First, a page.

Re: Two coins in the HICSS fountain

Jim Whitehead (
Tue, 18 Mar 1997 12:06:20 -0800

Beware! HICSS has a very spotty research track record. Some papers are
good, others not -- it varies tremendously from track to track. Typically
you don't want more than 1 paper on your CV from HICSS (most people will
understand the desire for a Hawaiian vacation, and will overlook it once).
The conventional wisdom is that if the research is any good, you'll be able
to get it accepted in the primary research conference for the particular
field. The other rationale is that by submitting the paper to the primary
research conference for the field, you get much better feedback in the
reviews, and acceptance also carries some acceptance into the research
community (which HICSS does not do nearly as much).

I think submitting the *TP paper to HICSS is a tactical mistake -- this is
a very good idea, and could be accepted in a far better conference than

>Our survey compares the distribution algorithms, naming models,
>reliability, performance and extensibility of two decades' worth of TP

You're going to do a thorough job of this in 12 pages? Ha!

You're thinking way too small for this idea. I'd go straight for ACM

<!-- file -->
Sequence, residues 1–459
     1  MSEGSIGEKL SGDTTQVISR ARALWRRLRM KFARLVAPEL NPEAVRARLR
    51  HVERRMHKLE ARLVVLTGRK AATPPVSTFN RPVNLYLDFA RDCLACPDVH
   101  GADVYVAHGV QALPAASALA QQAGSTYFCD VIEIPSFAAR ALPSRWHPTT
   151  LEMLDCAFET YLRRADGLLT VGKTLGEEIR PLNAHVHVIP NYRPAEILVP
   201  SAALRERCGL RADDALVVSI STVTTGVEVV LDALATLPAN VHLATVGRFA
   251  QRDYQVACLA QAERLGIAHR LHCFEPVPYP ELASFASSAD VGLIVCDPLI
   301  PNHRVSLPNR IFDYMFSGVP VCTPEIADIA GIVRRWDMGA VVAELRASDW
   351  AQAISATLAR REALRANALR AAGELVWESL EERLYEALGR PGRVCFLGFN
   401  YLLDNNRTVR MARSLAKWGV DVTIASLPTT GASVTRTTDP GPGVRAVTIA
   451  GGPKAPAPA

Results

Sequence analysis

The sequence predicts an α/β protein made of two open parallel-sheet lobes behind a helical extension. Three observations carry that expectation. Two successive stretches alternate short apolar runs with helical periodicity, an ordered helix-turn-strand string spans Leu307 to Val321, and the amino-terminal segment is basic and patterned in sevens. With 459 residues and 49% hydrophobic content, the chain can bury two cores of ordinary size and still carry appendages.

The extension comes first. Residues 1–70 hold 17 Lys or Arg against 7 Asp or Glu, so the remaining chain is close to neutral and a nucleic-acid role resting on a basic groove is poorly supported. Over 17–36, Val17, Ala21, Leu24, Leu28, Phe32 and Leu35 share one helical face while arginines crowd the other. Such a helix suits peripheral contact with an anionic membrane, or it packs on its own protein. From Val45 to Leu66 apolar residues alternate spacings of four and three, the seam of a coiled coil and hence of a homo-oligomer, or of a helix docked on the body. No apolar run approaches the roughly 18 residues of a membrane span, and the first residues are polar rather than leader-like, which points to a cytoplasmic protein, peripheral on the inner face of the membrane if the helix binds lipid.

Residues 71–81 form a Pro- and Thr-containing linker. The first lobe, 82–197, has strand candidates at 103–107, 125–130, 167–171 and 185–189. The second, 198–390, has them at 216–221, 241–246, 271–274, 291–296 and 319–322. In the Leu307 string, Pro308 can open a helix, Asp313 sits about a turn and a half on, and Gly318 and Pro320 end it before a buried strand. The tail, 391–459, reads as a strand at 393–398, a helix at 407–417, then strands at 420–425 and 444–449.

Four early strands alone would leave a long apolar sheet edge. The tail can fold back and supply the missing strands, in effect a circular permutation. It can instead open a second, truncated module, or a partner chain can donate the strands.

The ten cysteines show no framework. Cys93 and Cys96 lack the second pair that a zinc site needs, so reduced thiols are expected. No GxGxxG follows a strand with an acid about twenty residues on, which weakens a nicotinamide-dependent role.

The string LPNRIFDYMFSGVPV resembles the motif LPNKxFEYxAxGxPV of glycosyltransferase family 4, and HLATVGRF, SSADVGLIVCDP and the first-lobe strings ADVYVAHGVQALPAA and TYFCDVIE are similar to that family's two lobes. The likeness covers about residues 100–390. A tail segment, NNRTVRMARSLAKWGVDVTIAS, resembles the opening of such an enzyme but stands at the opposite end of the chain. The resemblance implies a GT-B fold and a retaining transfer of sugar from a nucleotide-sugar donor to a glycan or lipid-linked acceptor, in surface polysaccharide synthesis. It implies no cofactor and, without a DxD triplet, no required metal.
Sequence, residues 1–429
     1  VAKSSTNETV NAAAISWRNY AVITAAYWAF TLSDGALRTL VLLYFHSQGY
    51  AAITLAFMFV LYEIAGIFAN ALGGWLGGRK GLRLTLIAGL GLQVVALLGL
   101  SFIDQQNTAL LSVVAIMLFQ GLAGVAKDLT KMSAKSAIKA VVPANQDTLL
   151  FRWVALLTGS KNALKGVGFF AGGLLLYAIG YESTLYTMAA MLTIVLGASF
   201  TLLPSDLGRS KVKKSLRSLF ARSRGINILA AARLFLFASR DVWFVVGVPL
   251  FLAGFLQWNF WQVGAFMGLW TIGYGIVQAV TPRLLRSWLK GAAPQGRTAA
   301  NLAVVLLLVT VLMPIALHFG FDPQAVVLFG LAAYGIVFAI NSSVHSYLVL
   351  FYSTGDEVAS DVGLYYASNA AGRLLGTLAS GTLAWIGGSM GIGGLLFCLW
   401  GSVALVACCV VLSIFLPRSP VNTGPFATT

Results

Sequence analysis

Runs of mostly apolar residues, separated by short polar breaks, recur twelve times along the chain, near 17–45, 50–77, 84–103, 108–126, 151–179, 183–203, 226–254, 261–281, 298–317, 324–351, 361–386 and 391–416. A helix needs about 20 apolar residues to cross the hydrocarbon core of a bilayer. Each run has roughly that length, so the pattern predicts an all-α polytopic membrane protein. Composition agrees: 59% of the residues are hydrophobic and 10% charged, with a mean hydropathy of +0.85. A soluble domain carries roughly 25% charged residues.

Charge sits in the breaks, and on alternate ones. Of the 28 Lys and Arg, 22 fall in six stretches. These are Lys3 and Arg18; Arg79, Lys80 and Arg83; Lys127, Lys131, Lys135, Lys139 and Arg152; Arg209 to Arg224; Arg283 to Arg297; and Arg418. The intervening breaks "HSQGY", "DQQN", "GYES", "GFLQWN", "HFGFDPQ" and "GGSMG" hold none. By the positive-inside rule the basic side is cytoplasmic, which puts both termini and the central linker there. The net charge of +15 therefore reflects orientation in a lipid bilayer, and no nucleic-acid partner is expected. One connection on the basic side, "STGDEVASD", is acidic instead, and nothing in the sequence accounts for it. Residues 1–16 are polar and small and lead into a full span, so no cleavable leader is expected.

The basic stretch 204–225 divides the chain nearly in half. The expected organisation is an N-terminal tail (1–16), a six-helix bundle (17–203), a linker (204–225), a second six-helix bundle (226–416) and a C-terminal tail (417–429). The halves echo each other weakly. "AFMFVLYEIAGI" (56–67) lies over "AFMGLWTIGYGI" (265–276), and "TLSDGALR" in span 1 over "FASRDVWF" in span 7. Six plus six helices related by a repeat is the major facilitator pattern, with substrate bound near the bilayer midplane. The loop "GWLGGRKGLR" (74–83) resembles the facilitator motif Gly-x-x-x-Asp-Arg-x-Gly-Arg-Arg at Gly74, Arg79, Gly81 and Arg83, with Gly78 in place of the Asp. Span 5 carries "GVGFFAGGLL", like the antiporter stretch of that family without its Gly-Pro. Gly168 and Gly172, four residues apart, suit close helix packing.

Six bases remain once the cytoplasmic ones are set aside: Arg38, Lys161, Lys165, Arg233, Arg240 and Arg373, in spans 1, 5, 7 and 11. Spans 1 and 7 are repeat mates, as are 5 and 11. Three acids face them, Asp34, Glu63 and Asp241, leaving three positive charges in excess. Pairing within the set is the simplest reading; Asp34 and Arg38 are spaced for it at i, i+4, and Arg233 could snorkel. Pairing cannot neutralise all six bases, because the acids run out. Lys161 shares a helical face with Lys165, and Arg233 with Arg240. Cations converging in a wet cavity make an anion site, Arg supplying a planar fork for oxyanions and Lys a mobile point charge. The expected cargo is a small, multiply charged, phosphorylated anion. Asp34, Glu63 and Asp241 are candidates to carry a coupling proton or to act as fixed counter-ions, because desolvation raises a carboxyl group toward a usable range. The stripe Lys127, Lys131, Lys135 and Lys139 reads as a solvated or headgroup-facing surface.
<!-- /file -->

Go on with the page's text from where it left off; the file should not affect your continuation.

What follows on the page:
Computing Surveys. Getting a pub in this journal is very prestigious (in
general, journal pubs are valued far, far more than conference pubs -- at
some institutions conference pubs don't count at all towards tenure).
Sure, you may not see this in print until 1999, but the time will have been
far better spent, and the final product will be a seminal work.


I think a thorough survey of transport protocols should include the
point-to-point protocols of Xmodem, Ymodem, Zmodem, Kermit etc. By
examining these protocols, you'll be able to clearly identify the advantage
the other protocols had by building on top of TCP/IP (i.e., a clearer
separation of concerns between low-level and high-level transport). Also,
I think you'll find that the point-to-point protocols are more efficient.
So, there's a tradeoff between efficiency and abstraction (separation of

- Jim